You can disable any daemon in this manner by doing a manual override, just replace the “cups.override” with the daemon name that you want removed such as:

echo manual | sudo tee /etc/init/bluetooth.override
echo manual | sudo tee /etc/init/ufw.override
echo manual | sudo tee /etc/init/mysql.override
echo manual | sudo tee /etc/init/tty2.override
echo manual | sudo tee /etc/init/tty3.override
echo manual | sudo tee /etc/init/tty4.override
echo manual | sudo tee /etc/init/tty5.override
echo manual | sudo tee /etc/init/tty6.override

Later, if you want to enable that daemon, all you to do is delete the .override file.

8. Optimize Nautilus to behave in a speedy manner:

This is totally optional. Nautilus, by default, tries to show thumbnails of each and every file in a directory. If the directory contains a lot of files, this causes a noticeable delay. Now if you are in the habit of regularly previewing thumbnails of your images, don’t do this optimization. Otherwise, if previewing thumbnails don’t matter to you and all you are interested in is speed (like me), you can go to Edit->Preferences->Preview-tab and set the preview settings to Never.

9. Disable translation downloads in aptitude:

This setting is for speeding up the downloads from apt repositories rather than your machine. By default, ubuntu adds additional translation repos when you issue “apt-get update” command to update your repository settings. If you only need English, you can disable translation downloads by editing /etc/apt/apt.conf.d/00aptitude and adding this line to it:

Acquire::Languages "none";

Source: My blog post

  • 5
    1. Ubuntu defaults is relatime, no atime so that counsel is useless. 2. Depending OP needs he should have more swappiness then less, ie. during high I/O operations. 3. Preload could actually slow down your system. It isn't for everyone. 4. would only work if you have tons of RAM or really commit intensive tasks. 5. 6. and 7. are all generic, nothing new here. 8. only is valid for directories you haven't visited or have new files, frequently used and stable directories are not affected. BTW, nautilus use a cache after the first run, subsequents runs
    – Braiam
    Jul 3, 2014 at 0:03
  • 2
    are faster. 9. would be a pain for people that don't use Ubuntu in english. Most of the time, these request takes a split of a second even in a slow connection since it only asks for headers. All in all, your counsel is good but is not appropriated for all cases.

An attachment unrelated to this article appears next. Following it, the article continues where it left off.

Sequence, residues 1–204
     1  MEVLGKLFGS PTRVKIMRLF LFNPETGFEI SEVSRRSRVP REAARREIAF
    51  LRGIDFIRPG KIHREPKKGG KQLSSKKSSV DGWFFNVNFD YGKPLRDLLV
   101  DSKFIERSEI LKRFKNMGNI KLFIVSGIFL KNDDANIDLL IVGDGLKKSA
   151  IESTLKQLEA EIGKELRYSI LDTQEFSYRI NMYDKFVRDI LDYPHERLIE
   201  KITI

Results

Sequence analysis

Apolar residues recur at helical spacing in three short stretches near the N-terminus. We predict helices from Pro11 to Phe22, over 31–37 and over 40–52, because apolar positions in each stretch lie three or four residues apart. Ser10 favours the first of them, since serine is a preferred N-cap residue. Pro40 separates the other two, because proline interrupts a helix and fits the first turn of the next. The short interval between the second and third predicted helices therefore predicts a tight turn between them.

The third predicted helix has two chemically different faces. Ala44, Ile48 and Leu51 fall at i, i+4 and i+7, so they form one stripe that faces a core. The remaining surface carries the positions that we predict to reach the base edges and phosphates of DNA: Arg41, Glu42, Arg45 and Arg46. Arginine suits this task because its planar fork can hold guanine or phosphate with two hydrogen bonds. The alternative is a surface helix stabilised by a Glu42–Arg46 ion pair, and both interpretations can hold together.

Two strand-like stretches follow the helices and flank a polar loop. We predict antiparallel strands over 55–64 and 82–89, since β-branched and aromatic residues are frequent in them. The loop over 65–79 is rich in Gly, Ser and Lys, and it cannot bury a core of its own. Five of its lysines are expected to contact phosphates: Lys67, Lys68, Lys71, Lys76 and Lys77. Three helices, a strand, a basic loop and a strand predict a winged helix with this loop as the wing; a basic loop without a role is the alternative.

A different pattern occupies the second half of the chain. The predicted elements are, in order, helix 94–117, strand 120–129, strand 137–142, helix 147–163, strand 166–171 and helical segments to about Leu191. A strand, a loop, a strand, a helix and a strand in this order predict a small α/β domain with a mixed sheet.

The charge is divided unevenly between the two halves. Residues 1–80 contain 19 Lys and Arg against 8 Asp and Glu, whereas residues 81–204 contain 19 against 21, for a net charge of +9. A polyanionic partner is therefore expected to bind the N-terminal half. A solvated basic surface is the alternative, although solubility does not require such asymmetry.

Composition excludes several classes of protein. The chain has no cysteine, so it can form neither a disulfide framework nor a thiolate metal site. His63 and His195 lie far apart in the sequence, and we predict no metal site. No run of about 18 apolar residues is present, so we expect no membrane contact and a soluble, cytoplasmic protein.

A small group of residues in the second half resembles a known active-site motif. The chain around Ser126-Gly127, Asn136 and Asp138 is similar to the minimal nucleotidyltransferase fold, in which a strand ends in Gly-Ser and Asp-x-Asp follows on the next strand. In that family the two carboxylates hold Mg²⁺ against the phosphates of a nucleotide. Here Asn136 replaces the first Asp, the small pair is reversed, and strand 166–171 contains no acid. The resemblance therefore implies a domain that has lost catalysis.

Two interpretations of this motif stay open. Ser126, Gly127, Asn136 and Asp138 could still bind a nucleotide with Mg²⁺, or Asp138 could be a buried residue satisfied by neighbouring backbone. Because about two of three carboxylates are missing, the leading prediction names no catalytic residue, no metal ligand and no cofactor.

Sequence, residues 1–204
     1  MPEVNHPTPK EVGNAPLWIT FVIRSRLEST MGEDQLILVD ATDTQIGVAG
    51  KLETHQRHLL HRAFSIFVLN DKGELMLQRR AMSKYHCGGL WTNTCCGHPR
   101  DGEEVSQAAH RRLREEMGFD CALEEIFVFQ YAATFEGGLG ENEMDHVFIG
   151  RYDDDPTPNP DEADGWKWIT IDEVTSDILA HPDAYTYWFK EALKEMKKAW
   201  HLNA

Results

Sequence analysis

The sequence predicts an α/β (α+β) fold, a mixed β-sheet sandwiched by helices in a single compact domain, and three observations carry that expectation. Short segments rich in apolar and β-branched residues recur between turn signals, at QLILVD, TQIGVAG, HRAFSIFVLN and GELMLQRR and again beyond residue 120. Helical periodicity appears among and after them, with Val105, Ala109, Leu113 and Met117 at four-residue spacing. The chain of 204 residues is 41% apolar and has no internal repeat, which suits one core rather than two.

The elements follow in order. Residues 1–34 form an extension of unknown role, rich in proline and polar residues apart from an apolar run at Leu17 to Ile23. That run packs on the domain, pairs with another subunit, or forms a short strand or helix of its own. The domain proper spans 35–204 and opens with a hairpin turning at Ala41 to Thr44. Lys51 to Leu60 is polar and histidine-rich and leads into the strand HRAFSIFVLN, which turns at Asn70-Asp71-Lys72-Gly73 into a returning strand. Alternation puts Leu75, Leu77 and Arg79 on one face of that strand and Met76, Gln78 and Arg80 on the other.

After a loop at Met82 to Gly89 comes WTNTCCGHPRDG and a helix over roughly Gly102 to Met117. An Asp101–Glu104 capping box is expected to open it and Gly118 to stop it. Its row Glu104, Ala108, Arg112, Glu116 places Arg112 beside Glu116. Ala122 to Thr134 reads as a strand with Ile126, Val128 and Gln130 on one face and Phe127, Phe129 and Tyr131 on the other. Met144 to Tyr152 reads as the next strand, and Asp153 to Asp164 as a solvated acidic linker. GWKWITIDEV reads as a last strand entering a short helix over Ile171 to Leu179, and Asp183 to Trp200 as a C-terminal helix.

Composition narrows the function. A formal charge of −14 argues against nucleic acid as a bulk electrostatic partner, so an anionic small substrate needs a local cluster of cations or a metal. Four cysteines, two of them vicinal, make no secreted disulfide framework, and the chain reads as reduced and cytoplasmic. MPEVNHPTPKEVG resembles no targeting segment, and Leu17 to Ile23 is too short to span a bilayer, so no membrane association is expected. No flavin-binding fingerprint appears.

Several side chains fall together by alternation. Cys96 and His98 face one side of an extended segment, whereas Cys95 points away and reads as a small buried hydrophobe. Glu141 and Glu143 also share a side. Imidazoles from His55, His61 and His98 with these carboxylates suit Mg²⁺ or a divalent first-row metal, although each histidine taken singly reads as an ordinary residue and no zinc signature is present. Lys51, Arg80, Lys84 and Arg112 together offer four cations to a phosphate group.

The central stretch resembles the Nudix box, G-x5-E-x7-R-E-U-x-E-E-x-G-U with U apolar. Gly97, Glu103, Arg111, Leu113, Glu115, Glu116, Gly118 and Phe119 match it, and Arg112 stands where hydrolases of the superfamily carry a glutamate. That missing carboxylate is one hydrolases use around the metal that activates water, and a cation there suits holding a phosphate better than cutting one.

– Braiam
    Jul 3, 2014 at 0:05
  • @Braiam - What you say is true. Optimizations are not for all cases, hence the reason they had to be performed. Had that not been the case, they would have been ubuntu defaults. As for reducing swappiness, it improves responsiveness in general. I don't see how it can't help the OP's case. Jul 3, 2014 at 0:14
  • As for the points 5,6,7 being generic, the point here is that when you apply all these optimizations, you will see a noticable performance difference. Any one, or few points may not make a difference, hence the entire list. Jul 3, 2014 at 0:15
  • 1
    Isn't #3 already taken care of by ureadahead? Also, careful, ufw is the firewall, you might not want to disable it.
    – alexia
    Jul 3, 2014 at 11:45

Install ccsm, open terminal (Ctrl + Alt + T or from the dash) and paste line below:

sudo apt-get install compizconfig-settings-manager

Run it from the dash or in terminal ccsm. Choose OpenGL in General category and change Texture Filter from Good/Best to Fast. Go back and choose Ubuntu Unity Plugin in Desktop category and change Dash Blur from Active Blur to No Blur


I believe what you are looking for is ubuntu's 2d mode, but it was removed in 12.10. I found an article that mentions a way to disables some of the additional eye candy.

I'm not sure if this is still available in 14.04, but you can try it by adding 'export UNITY_LOW_GFX_MODE=1' to the '.xprofile' in your 'home' folder. If you want you can just run the following in the terminal

echo "export UNITY_LOW_GFX_MODE=1" >> ~/.xprofile


Overall unity is hard to configure performance wise, though on those specs it should run reasonably well. If you have a chance to upgrade the ram, I recommend it highly, though it should run just fine on that for normal use (just don't expect to be doing video editing/custom rom compiles/basically any modern games)

  • Thanks @sbergson, won't be used for gaming. Just some image manipulation and watching series and basic stuff like that.
    – Jonny
    Jul 2, 2014 at 15:40
  • 1
    overall gimp would not run perfectly on it, but if they are thinking of simply using paintdotnet or something I'm sure they could do that. As for watching internet videos, I don't know how perfectly that would go but it would be possible. They might try using gnome 2 with cairo-dock for an experience visually identical to mac, and a bit better performance than unity. basically, if xp ran fine on it ubuntu will not have a single problem
    – sbergeron
    Jul 2, 2014 at 15:44
  • I will look into the cairo-dock. I am still very new to ubuntu, how would I go about 'downgrading' to gnome 2 and installing cairo-dock? Thanks in advance @sbergeron
    – Jonny
    Jul 2, 2014 at 18:13
  • it would be easy to do that. I currently have kde with cairo dock so I have a windows7-esque taskbar with lancelot launcher and cairo dock set to display when i hover over the "taskbar" I have set up. I ran this at first on a computer with 2gb of ram and it ran just fine, though i currently use a computer with 4gb of ram that lets it run without any hiccups whatsoever
    – sbergeron
    Jul 2, 2014 at 18:29